Having family in the business of politics can help a candidate in several ways: name recognition among voters, connections to supporters and funders, a family environment that fosters respect for a certain kind of public service.

Claremont McKenna College politics professor Jack Pitney: “The Nepo phenomenon is not limited to Hollywood.”

For Rep. Blanca Rubio and her younger sister, Sen. Susan Rubio, serving in the Legislature at the same time comes with its perks. For example, sometimes it is difficult for an MP to find someone to introduce their bill in the Senate and vice versa.

Blanca Rubio: “I know if I don’t find somebody that I can, you know — I’m the oldest, I’m going to make her pick up the bill.” 2 Now what about natural gas bills? Calgren’s renewable fuels plant that cleans milk methane into natural gas is shown in Pixley on October 2, 2019. Photo by Mike Blake, Reuters

For those following the saga of high natural gas prices in California, the worst appears to be behind us, at least for now.

Months of high demand and tight supply led to tight budget bills. But in February, more natural gas is flowing into the state, driving down prices. Plus, state regulators are coming to the rescue with family-friendly loans.

Both Governor Newsom and US Senator Dianne Feinstein of California called for a federal investigation into possible market manipulation.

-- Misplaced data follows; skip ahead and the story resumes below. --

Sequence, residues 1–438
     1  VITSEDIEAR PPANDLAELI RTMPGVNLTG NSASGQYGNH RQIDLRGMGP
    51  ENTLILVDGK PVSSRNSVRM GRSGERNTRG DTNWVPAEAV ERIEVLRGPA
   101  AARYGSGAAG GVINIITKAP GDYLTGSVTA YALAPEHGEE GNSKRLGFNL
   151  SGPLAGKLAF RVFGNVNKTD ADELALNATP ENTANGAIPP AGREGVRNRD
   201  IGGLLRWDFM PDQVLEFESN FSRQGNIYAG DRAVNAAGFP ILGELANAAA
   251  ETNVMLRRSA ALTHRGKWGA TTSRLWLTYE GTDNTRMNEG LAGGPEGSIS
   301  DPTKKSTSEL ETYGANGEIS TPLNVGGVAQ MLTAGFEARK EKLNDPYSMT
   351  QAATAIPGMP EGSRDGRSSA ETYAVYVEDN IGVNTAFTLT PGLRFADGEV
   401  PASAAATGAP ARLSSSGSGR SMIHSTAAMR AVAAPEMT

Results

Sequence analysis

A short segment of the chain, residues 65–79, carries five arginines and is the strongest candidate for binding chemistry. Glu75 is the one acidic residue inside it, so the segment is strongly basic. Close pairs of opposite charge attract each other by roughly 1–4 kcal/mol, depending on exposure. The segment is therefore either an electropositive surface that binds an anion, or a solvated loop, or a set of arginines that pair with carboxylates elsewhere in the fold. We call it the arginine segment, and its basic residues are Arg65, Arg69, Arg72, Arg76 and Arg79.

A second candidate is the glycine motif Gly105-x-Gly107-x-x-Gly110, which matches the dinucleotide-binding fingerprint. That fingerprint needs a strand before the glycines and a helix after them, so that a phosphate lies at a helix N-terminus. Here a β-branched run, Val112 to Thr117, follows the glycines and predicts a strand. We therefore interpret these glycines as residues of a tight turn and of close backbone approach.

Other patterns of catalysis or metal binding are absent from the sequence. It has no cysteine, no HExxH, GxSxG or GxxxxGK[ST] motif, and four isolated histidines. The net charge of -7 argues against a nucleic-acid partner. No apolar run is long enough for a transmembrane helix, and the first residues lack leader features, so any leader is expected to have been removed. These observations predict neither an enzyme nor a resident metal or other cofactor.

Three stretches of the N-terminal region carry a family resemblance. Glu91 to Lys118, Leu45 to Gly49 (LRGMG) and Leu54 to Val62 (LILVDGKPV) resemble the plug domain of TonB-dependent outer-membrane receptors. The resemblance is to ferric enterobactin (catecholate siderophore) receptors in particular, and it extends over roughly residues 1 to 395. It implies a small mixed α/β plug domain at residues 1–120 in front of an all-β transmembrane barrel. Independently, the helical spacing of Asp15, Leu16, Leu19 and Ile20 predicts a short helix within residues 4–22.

But as CalMatters economics reporter Grace Gedye reports, the California Public Utilities Commission is already worried about the coming crisis.

At the commission meeting Tuesday, there was much bickering about what, if anything, the state can do in the face of future price increases. Not much, it turns out.

CPUC President Alice Busching Reynolds: Modest aid loans were “a short-term Band-Aid and this is a long-term problem.”

Unlike electricity rates, which are tightly regulated by the state, natural gas prices are allowed to rise and fall with the gyrations of the market.

But the commission has a say in how and where energy companies store their excess output, when facilities are allowed to operate and when bills are sent to customers, all of which can indirectly affect the final price, Grace explains.

3 CA after dyslexia screening Dominic Levy does homework at his home in Clayton on January 29, 2023. Photo by Shelby Knowles for CalMatters

Over the past decade, California lawmakers have poured money into dyslexia research. They have mandated new types of teacher training and called for more reading coaches. They have rallied around Governor Newsom, among the state’s most famous dyslexic public figures.

But CalMatters education reporter Joe Hong explains, lawmakers have never called for universal dyslexia screening for all children — something 40 other states do, though many early education researchers and advocates call it a tool. basic” and critical to keeping children reading at grade level. .

Rachel Levy, a parent in the Bay Area: “Most kids who are dyslexic end up in the special education system…because of a lack of screening.”

What is the obstacle? As Joe reports, opposition from one of California’s most powerful interest groups.

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CalMatters Commentary

CalMatters columnist Dan Walters: Two long-serving veterans of Capitol politics died within hours of each other. Allan Zaremberg and Rex Hime have been widely praised and the accolades are well deserved.